H ybrids fascinate people. There is something about the crossing of one variety of animal with another that stirs the imagination.
In the world of the outdoors, hybrid animals turn up from time to time and cause quite a bit of excitement. Other than shooting a banded bird, there is nothing more exciting to a duck hunter than taking an unusual looking hybrid.
In my years of covering the outdoors for this publication, I have run photos of mallard/pintail, teal/wood duck and Ross/Snow goose hybrids.
An article published by the Vancouver Natural History Society in 1994, says that of all birds, waterfowl are the most prone to hybridization with more than 400 hybrids documented.
“The mallard which tends to hybridize more than any other duck has hybridized with about 50 species of ducks and geese. The wood duck comes in second, with hybridization records for about 26 other species,” they reported.
“The mallard’s proclivity for hybridization stems from a number of factors. It is abundant; it has many close relatives; and in city parks and sanctuaries it often suffers from an oversupply of males, who then consort with females of other species.”
“I have a mallard/pintail hybrid that people sometimes ask whether I made it here in the studio. When I tell them it’s a natural hybrid a hunter brought in, some of them cannot believe it. It’s pretty unique,” said taxidermist Bubba Andres of Winnie in an interview I conducted with him a few years ago.
This particular bird has a long neck like a pintail, a short, gray beak like a pintail, a green head like a mallard, a body with feathers patterned equal parts mallard, equal parts pintail and a “sprig” feather that curls up like a mallard’s tail feathers.
“It’s something else,” Andres said.
The Trans Pecos region of Texas has isolated populations of whitetail/mule deer hybrids. According to officials with the Texas Parks & Wildlife Department, the long-term effects are unknown. For most areas, the extent of hybridization also is not known.
“The highest incidence of hybridization in the Trans-Pecos occurs in the eastern part of the region where high populations of mule deer and white-tailed deer coexist. Using a technique called “polyacrylamidel electrophoresis,” Stubblefield estimated that up to 14 percent of deer may be hybrids where both species occupy the same range, although the average occurrence of hybrids was only about five percent.”
TPWD said antler characteristics, tail coloration, and ear length are not reliable in recognizing hybrids.
“First generation hybrids often can be identified by the length of the metatarsal gland that is located on the outside of the rear leg between the hock and the hoof. It typically will measure about ¾-inch long in whitetails and about four inches long in mule deer.”
“The metatarsal gland of hybrids is intermediate in length, measuring about two inches long. Second generation hybrids cannot be identified by their appearance. The predominant successful breeding among hybrids is between white-tailed bucks and mule deer does, but interbreeding also can occur between mule deer bucks and white-tailed does. Hybrids appear to have at least a limited degree of fertility.”
Plenty of hybrids exist in the fish world as well.
A study conducted in Minnesota found that out of 22 lake studies, 20 had hybrid black/white crappie. In fact, last year a record-sized crappie caused controversy there because it was believed to be a hybrid. The study found that most of the hybrids would be classified by looks as a black crappie but that their size would be slightly larger.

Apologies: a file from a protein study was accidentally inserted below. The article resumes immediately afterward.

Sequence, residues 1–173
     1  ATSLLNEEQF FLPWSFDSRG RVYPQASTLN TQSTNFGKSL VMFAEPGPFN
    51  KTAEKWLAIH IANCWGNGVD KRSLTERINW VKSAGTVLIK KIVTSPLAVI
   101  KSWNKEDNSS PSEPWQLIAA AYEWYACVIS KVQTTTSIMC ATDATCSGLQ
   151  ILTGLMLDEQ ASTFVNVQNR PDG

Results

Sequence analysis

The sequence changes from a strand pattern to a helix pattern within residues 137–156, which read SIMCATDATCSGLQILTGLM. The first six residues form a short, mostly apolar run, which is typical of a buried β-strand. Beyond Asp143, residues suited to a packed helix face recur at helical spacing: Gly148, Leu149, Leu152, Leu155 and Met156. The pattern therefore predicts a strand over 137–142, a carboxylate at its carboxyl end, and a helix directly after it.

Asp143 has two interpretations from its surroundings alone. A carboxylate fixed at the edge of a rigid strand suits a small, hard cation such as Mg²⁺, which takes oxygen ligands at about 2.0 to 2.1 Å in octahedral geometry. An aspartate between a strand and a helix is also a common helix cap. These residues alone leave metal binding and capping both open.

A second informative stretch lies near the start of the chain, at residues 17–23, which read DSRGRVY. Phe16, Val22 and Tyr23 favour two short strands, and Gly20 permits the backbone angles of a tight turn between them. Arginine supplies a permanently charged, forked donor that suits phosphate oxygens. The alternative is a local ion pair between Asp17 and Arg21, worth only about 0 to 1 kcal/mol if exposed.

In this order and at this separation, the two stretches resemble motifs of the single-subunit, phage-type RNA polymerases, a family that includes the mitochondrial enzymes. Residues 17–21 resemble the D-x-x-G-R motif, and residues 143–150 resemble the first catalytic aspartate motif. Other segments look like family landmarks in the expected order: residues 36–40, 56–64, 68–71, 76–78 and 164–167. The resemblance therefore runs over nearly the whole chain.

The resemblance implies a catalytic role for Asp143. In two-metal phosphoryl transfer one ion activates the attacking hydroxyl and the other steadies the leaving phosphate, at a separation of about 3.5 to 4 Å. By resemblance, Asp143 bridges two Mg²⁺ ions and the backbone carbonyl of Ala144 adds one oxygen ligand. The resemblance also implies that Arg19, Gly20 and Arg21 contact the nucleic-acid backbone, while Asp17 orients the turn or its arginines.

Some hybrids are created.
Take for example in the 1990s The Mississippi Department of Wildlife and Fisheries (MDWFP) and the University of Mississippi teamed up to create a sterile crappie that would not overpopulate a small impoundment. The result was the Magnolia Crappie.
“This crappie is a cross between the female white crappie and the male black-striped black crappie The black-striped crappie has a dark stripe from the dorsal fin down the top of the head and mouth to the throat. This is a naturally occurring color variation.
The offspring retain this black stripe making it easy for biologists to monitor the population after stocking. Because this crappie cannot reproduce they may put more energy into growth and may grow larger than a normal fish in a similar environment.”
An article in NOAA’s “Marine Fisheries Review” notes that in 1983 Texas Parks & Wildlife Department (TPWD) officials hybridized black and red drum.
“About 500,000 fertilized eggs were produced by a female black drum and a male redfish earlier in 1983. The resulting fry were placed in ponds until they reached about 1/2 inch in length, and then were stocked experimentally in Lake Creek Reservoir near Waco. Nick Carter, inland fisheries research coordinator in Austin, said although subsequent netting surveys failed to retrieve any of the hybrids, he believes the fish may have gone into deep water areas out of the reach of nets.
“We are fairly optimistic about the hybrid drum because they are easy to produce and appear to have high egg fertilization and survival rates,” Carter noted. “The fish we stocked in Lake Creek appeared to be in excellent shape.”
In the article Carter said the hybrid more closely resembles the popular redfish in appearance, but it is deeper-bodied like the black drum. It is mottled black and silver in color, lacks the characteristic black tail spot seen on redfish, and also has lost the black vertical bars of the black drum.
Every once in a while anglers will catch a fish in Gulf or bay waters that looks like a black/red drum hybrid.
Have you caught, killed or photographed a wild hybrid here in Texas?
If so we would love to see the photos and hear your stories. E-mail me at [email protected], and we will run a special Texas Outdoor Nation article on it in a future edition.
Email Chester Moore at
Email Chester Moore at [email protected]